Re: Corruption in Anthropology

Robert Johnson (johnsorl@COLORADO.EDU)
Mon, 11 Sep 1995 06:15:10 -0600

On Mon, 11 Sep 1995, Tosca Zraikat EDA wrote:

> To R. Johnson
> your open letter regarding desecration of sites, like many of your
> posting, both on this and the anthro list, raises important issues
> that should be addressed. May I share with you some thoughts on some
> of your postings? First, I think by relating each issue back to
> yourself, you detract from the issues of injustice and force readers
> to consider them in association with your complaints and vitriolic,
> justified though they may be. Native Americans have enough
> prejudice, injustice and institutionalized antagonism to deal with
> without having to cope with the burden of your problems with various
> people and institutions. Second, in associating each informative
> piece and relevant comment with yourself, you seem to be "riding" on
> the back of these crucial issues, using these concerns and people's
> interest in them for your own purposes.
> If I am being unjust, then I stand corrected. I just wanted you to
> know that this is how it looks to me. I read your postings for the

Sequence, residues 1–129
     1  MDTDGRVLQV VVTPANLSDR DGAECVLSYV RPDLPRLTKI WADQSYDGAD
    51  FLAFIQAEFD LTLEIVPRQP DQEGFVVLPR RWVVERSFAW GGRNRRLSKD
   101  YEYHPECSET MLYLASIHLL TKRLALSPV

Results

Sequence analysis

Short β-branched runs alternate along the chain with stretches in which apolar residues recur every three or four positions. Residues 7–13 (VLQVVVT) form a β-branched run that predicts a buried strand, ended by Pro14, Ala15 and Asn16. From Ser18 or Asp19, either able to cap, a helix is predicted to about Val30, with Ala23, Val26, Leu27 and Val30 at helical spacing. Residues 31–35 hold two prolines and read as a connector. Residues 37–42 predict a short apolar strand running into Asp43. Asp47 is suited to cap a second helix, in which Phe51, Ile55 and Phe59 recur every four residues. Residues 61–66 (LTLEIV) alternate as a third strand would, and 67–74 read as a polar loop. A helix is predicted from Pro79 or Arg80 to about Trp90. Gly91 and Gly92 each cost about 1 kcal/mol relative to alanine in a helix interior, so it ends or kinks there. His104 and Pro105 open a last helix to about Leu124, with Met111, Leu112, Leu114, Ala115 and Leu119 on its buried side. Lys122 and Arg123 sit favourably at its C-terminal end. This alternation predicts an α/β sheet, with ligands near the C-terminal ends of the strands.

> information of value they contain. Others might ignore them, losing
> this information, because of your diatribes. Please consider keeping
> your personal issues separate from issues of relevance to others,
> particularly from issues that are of relevance to the people whose
> name you so indiscriminately invoke.
> Thanks, Tosca

This is the usual excuse used in an "end-around" run to de-legitimize
anyone who speaks against injustice. All of humankind is morally
obligated to speak-out against injustice. All of humankind is
obligated to fight injustice. You're stating that I "indiscriminately
invoke" indigenous peoples, is the usual subtle racist refrain
"invoked" to silence a voice against injustice. You think that by
mentioning the opposition, the threats, the censorship, the attempts
to intimidate me through my university faculty and administration
is posturing, rather than the "standard operating procedure" one
receives when confronting those who are at the bottom of racism,
injustice, and genocide. Camille Paglia is right in saying you're
the type of "academic" who has little knowledge of how the real world
works, either that, or you effect this ignorance because someone
dares question "anthropology" and its complicity in cultural
destruction. This is a process of generalized "dumbing-down."

You say I raise important issues that "need" to be addressed, yet
you're more focused on me.

I think your too damn afraid that I'm becoming anthropology's
"rock star," rather than a voice widely read, who induces questioning
from your students, and efforts to learn more of what is silenced
and unspoken in "applied" anthropology and its new alliances with
the World Bank and corporate greed.

Robert Johnson